The new age of hybrid supercars is gaining momentum. A few months back we had the reveal of the McLaren Artura, and now there’s this: the Ferrari 296 GTB. Like the McLaren, it uses a 120-degree V6 with the turbochargers sit between the cylinder banks to form a ‘hot vee’.
There is one big difference between the Ferrari and the McLaren, however - power. While the Brit’s total system power is 671bhp, the Italian develops almost that figure from the engine alone. This clean-sheet 2.9-litre unit makes 654bhp, meaning it has the highest specific output of and production powerplant.
Factoring in the electrical gubbins, and you’re looking at a whopping 819bhp. 0-62mph happens in a mere 2.9 seconds, and the top speed is 205mph. That enormous power figure isn’t the only thing that helps the 296 get off the line so quickly - for a hybrid, it’s incredibly light, tipping the scales at 1475kg. Compare that to the Honda NSX, which is a porky 1800kg.
The Honda only has a tiny battery, but the 296? That gets a 7.4kWh pack, giving an electric-only range of up to 15 miles. This power a single electric motor sitting between the gearbox and the engine. So, unlike the SF90 with its front axle motor, the 296 is exclusively rear-wheel drive.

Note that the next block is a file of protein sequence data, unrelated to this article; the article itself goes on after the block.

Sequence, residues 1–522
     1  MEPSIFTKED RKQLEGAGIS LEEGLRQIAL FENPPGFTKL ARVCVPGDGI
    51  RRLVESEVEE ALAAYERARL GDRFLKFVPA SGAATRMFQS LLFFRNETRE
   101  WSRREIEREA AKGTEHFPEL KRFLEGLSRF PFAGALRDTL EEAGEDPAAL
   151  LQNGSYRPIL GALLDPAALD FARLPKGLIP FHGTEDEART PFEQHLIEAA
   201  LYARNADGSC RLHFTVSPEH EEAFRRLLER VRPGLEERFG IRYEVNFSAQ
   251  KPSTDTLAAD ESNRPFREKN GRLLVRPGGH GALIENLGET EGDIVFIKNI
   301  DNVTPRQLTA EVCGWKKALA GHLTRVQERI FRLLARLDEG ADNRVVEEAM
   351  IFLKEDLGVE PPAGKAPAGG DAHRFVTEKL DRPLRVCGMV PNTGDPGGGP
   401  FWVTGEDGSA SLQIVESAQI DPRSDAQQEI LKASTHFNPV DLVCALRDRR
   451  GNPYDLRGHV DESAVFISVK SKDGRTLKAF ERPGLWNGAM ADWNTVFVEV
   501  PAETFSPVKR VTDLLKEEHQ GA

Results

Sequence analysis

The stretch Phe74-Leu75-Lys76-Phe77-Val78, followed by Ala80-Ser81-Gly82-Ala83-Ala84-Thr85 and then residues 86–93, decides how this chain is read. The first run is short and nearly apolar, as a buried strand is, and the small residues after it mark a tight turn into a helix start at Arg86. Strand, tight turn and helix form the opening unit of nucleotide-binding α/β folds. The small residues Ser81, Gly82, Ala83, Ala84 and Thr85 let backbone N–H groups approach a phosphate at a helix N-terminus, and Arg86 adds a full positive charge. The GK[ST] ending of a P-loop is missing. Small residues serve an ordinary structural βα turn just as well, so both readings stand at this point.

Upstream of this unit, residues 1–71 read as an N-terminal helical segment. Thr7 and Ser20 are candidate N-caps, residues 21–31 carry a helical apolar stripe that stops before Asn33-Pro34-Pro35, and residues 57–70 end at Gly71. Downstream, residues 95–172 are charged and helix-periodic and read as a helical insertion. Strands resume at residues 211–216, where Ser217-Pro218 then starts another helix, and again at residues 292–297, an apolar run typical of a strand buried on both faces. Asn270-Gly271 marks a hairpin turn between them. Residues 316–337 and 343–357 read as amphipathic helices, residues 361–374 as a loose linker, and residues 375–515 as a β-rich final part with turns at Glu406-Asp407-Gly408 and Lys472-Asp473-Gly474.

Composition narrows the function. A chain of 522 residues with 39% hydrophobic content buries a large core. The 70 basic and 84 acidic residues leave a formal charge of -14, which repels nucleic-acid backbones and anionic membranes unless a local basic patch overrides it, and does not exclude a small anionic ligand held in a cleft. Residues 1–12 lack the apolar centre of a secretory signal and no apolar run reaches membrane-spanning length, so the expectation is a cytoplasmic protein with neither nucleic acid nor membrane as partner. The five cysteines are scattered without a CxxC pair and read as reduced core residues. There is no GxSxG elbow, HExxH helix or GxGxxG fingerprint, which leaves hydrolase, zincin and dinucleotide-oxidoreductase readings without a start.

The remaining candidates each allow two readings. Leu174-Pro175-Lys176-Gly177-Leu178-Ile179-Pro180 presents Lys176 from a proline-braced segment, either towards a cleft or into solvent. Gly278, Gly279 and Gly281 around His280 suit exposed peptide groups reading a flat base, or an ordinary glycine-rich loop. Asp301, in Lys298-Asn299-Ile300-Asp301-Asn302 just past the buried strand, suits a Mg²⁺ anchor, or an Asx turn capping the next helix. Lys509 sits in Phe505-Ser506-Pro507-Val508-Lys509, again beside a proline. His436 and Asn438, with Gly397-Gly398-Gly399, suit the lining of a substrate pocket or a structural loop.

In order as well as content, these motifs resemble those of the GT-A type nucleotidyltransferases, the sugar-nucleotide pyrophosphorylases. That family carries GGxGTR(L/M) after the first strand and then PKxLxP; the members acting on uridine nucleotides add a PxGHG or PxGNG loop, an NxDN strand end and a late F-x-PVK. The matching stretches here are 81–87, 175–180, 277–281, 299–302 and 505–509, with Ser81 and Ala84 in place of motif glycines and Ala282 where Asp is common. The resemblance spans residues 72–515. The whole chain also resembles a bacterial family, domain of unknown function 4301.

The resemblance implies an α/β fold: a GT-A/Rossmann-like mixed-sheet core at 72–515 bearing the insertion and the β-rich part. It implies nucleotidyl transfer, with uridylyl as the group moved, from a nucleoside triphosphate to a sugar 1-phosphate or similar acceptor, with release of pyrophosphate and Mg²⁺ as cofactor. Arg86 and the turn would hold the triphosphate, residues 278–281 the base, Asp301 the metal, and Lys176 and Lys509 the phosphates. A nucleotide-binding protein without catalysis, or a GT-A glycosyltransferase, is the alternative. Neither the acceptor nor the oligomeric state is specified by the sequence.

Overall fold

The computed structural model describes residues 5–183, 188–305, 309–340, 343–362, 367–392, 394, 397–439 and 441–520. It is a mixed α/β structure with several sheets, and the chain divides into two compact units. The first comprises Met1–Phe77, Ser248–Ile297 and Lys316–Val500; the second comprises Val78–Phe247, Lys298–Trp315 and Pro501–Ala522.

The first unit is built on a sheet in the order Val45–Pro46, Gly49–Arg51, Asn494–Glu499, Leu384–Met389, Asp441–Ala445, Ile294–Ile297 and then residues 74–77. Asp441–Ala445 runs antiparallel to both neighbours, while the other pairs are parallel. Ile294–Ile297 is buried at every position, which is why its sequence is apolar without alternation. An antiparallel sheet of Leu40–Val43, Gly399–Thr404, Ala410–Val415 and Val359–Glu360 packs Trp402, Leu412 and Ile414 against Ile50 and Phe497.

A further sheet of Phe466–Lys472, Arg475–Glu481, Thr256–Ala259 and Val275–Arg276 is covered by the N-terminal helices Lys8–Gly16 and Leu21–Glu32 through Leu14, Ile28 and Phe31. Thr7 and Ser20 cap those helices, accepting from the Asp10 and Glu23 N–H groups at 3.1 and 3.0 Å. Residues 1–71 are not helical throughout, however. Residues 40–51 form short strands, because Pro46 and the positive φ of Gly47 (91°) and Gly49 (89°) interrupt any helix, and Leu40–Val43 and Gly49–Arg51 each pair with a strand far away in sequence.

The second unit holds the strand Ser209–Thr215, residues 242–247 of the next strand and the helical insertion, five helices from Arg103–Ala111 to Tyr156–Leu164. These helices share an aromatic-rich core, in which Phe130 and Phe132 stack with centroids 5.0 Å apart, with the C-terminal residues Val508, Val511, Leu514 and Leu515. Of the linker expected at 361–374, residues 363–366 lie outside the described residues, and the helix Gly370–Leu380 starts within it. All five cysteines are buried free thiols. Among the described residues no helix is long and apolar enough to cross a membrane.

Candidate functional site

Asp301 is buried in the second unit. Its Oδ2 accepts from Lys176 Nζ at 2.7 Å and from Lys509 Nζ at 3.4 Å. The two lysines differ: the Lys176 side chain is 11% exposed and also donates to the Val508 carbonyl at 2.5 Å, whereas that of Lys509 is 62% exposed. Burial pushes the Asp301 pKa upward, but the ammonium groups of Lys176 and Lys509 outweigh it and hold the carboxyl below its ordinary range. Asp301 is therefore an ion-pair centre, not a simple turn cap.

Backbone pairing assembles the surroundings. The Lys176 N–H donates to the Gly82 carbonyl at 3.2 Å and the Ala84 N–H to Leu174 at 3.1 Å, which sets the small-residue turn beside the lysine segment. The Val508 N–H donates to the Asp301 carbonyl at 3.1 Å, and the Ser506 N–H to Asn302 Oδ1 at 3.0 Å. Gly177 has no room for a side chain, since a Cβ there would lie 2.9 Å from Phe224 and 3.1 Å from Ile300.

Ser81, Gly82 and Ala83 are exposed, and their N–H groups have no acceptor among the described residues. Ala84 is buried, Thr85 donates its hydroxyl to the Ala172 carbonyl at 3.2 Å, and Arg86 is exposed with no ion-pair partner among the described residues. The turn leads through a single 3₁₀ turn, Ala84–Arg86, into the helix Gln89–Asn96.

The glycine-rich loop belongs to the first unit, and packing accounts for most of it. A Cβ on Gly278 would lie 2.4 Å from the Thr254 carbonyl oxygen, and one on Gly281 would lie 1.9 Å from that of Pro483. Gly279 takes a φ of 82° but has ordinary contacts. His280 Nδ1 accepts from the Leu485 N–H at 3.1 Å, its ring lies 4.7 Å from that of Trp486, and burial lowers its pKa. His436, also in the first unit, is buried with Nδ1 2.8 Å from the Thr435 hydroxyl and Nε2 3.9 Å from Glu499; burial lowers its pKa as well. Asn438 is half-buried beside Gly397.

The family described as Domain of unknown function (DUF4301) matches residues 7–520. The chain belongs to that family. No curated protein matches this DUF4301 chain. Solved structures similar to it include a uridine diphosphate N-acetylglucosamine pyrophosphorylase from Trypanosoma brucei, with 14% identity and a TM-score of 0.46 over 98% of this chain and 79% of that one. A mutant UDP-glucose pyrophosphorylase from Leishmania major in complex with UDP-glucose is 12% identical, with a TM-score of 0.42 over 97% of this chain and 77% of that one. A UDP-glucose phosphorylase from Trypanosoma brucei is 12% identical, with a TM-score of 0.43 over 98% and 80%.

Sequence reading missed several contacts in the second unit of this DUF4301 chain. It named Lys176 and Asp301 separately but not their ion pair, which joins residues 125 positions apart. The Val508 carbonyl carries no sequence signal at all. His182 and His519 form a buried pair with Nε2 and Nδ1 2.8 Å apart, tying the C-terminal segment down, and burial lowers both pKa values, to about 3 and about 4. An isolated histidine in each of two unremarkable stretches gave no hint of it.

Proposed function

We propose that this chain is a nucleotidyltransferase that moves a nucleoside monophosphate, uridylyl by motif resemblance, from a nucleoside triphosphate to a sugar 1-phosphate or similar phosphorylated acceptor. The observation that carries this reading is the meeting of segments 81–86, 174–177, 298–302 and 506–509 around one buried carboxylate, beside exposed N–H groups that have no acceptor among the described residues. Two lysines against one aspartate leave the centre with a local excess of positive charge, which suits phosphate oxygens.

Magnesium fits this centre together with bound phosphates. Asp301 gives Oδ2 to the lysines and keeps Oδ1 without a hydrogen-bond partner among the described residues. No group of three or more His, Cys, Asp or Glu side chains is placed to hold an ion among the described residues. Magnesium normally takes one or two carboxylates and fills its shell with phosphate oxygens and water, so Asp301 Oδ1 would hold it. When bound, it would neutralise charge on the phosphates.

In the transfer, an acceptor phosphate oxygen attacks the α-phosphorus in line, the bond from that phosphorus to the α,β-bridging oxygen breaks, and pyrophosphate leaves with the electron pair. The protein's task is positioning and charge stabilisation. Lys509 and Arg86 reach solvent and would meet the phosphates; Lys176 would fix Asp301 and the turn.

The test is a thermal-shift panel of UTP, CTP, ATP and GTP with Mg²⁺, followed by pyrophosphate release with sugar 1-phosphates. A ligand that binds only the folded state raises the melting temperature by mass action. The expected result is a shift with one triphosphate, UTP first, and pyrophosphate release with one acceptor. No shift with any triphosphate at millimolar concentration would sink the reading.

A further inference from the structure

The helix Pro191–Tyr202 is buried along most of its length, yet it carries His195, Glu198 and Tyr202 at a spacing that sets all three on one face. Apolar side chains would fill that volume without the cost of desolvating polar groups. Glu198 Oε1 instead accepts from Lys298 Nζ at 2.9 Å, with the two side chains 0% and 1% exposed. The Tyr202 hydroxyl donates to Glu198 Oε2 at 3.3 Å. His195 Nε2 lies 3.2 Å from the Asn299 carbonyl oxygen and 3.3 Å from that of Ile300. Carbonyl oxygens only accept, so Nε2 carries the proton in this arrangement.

This hybrid setup sits on a new platform with a 50mm shorter wheelbase than the 458/488/F8 Tributo, something the shorter engine makes possible. The 120-degree bank angle of that unit is a relatively obscure one, but it’s ideal in a mid-engined vehicle like this where the width isn’t a problem. Benefits include a lower centre of gravity and easier packaging for the hot-vee turbochargers.
In terms of dynamics, there are standard-fit adaptive dampers, a six-way chassis sensor for the traction control system, and the latest version of Ferrari’s Side Slip Control allowing even the most hamfisted to get their drift on. If specced with the Assetto Fiorano package, which comes with various carbon fibre bits and race-derived dampers, it’s possible to option super-sticky Michelin Pilot Sport Cup 2 R tyres.
This being a modern Ferrari, a large emphasis is placed on the aero side of the equation. There are various ducts and channels hidden from sight, plus some more obvious stuff like an active rear spoiler and a big rear diffuser. With the Assetto Fiorano package fitted, the 296 is good for 360kg of downforce at 155mph.
No prices have been revealed just yet, but we can expect a slight rise on the £203,476 figure charged for the F8 Tributo.